For turkey patterning, I like to bracket my distances. What I mean by that is to pick what I think is going to be my ideal harvest range and pattern at that range as well as either side by about 10 yards. For example if I expect my ideal range to be 30 yards, I would pattern at 20, 30, and 40 yards to have solid data. The standard for evaluating turkey targets is to count the number of pellet strikes within a 10-inch circle over the core of the pattern. For consistent kills, you want to put at least 100 pellet strikes inside that 10-inch circle, centered over the gobbler’s neck. If your gun/choke/load combination cannot do this at a given distance, then you know that specific distance is beyond your effective range. A 12 gauge turkey gun with a turkey-specific choke and TSS loads should put at least 100 pellets on target at 50 yards. So if you are shooting this kind of setup it makes sense to shoot at 40, 50, and 60 yards. If you are shooting a sub-gauge or lead loads, it’s wise to pattern at 20, 30, and 40 yards.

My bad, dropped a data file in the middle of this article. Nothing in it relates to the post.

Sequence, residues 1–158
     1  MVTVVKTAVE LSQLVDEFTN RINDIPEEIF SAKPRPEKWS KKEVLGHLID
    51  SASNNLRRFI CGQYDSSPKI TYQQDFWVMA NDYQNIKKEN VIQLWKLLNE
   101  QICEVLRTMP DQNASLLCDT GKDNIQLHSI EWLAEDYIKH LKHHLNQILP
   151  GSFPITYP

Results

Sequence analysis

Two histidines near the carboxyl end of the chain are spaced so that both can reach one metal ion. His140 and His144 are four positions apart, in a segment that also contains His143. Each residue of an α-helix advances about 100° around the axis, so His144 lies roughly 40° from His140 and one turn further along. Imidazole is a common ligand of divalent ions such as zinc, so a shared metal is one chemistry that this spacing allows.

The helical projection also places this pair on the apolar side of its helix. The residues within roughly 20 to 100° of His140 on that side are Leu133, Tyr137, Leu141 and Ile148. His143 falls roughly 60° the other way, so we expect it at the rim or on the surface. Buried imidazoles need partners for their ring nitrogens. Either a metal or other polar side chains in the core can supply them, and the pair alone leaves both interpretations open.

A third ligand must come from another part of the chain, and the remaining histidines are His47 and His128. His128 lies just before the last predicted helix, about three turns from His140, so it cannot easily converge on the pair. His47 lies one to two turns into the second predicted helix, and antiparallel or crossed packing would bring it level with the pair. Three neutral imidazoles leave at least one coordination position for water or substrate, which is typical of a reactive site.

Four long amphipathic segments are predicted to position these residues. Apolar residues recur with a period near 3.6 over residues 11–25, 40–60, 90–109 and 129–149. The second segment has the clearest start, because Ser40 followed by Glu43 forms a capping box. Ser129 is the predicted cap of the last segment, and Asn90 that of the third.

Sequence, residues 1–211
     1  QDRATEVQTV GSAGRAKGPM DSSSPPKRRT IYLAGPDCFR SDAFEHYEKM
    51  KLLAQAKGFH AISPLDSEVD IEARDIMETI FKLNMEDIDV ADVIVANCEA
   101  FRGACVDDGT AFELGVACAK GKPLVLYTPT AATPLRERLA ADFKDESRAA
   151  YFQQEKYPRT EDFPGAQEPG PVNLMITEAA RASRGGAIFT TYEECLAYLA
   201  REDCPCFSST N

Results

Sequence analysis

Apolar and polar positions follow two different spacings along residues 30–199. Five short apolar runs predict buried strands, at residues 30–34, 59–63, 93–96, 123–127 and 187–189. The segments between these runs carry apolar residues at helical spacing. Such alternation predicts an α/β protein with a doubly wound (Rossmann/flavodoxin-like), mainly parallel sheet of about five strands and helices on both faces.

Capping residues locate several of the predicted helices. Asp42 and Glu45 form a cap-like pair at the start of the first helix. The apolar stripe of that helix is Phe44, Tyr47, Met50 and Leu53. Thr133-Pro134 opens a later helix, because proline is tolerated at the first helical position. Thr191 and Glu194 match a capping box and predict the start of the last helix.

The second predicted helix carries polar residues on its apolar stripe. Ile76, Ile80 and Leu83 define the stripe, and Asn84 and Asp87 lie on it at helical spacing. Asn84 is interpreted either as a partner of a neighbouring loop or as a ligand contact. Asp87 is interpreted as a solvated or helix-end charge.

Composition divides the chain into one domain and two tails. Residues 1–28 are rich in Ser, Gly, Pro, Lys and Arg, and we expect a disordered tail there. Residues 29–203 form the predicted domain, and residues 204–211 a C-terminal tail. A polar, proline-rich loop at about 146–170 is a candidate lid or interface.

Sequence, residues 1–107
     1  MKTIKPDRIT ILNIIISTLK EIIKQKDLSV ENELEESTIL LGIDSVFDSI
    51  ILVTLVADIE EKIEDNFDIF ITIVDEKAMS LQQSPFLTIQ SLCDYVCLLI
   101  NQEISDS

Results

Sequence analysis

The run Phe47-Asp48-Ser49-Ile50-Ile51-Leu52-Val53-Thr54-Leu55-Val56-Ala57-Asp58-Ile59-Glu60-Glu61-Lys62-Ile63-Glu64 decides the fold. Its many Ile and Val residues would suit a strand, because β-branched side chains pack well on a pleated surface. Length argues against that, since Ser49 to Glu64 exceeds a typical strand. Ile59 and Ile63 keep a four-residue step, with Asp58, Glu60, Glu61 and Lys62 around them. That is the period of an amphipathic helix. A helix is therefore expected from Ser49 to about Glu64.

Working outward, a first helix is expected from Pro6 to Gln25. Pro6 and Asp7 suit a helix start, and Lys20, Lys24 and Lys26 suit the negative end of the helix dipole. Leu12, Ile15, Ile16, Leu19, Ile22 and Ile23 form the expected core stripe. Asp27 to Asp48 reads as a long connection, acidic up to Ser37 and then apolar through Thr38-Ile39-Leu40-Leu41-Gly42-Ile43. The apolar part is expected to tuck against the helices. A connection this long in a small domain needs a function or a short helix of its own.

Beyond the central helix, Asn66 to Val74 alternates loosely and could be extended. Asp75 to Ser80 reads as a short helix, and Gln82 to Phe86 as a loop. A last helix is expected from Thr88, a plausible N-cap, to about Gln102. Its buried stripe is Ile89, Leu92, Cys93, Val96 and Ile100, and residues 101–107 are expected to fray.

There are a variety of turkey targets out there, which are fine for getting a visual representation of how your pattern might impact a turkey. But you still want to shoot at a larger piece of paper to get a true understanding of your pattern. So if you do shoot a turkey target, staple it over a larger sheet of paper (48 inches by 48 inches is ideal). 

Now that we’ve got our target and distance figured out, follow these steps.

With your hunting ammo, take your shot from a comfy seated position with a solid rest. Aim for the turkey’s neck, not its head. (Read our guide on where to shoot a turkey).

Shoot from the closer distance first.